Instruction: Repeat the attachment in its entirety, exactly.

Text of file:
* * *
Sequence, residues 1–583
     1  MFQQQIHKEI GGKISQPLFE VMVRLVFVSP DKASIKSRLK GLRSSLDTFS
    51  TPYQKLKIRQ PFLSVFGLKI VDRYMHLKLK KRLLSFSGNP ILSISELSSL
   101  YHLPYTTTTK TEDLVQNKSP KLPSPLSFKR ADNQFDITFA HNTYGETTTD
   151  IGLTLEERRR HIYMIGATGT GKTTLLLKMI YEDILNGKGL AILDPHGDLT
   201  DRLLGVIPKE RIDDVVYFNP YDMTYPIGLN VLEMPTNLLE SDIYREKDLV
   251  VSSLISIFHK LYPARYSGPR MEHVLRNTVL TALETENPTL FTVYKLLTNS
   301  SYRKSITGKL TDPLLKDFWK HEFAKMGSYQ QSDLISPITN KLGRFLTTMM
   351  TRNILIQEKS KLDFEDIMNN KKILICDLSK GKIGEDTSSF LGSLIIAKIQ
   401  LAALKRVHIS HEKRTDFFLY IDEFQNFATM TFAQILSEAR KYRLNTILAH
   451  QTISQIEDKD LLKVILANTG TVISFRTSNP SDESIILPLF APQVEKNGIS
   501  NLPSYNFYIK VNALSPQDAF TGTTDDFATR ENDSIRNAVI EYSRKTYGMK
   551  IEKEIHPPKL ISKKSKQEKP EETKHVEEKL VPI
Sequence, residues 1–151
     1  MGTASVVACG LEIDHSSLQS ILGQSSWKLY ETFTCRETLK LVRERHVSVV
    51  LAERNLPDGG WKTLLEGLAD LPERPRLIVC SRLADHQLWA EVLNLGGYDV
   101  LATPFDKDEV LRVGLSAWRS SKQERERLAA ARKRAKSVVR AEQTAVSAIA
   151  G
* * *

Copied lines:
Sequence, residues 1–583
     1  MFQQQIHKEI GGKISQPLFE VMVRLVFVSP DKASIKSRLK GLRSSLDTFS
    51  TPYQKLKIRQ PFLSVFGLKI VDRYMHLKLK KRLLSFSGNP ILSISELSSL
   101  YHLPYTTTTK TEDLVQNKSP KLPSPLSFKR ADNQFDITFA HNTYGETTTD
   151  IGLTLEERRR HIYMIGATGT GKTTLLLKMI YEDILNGKGL AILDPHGDLT
   201  DRLLGVIPKE RIDDVVYFNP YDMTYPIGLN VLEMPTNLLE SDIYREKDLV
   251  VSSLISIFHK LYPARYSGPR MEHVLRNTVL TALETENPTL FTVYKLLTNS
   301  SYRKSITGKL TDPLLKDFWK HEFAKMGSYQ QSDLISPITN KLGRFLTTMM
   351  TRNILIQEKS KLDFEDIMNN KKILICDLSK GKIGEDTSSF LGSLIIAKIQ
   401  LAALKRVHIS HEKRTDFFLY IDEFQNFATM TFAQILSEAR KYRLNTILAH
   451  QTISQIEDKD LLKVILANTG TVISFRTSNP SDESIILPLF APQVEKNGIS
   501  NLPSYNFYIK VNALSPQDAF TGTTDDFATR ENDSIRNAVI EYSRKTYGMK
   551  IEKEIHPPKL ISKKSKQEKP EETKHVEEKL VPI
Sequence, residues 1–151
     1  MGTASVVACG LEIDHSSLQS ILGQSSWKLY ETFTCRETLK LVRERHVSVV
    51  LAERNLPDGG WKTLLEGLAD LPERPRLIVC SRLADHQLWA EVLNLGGYDV
   101  LATPFDKDEV LRVGLSAWRS SKQERERLAA ARKRAKSVVR AEQTAVSAIA
   151  G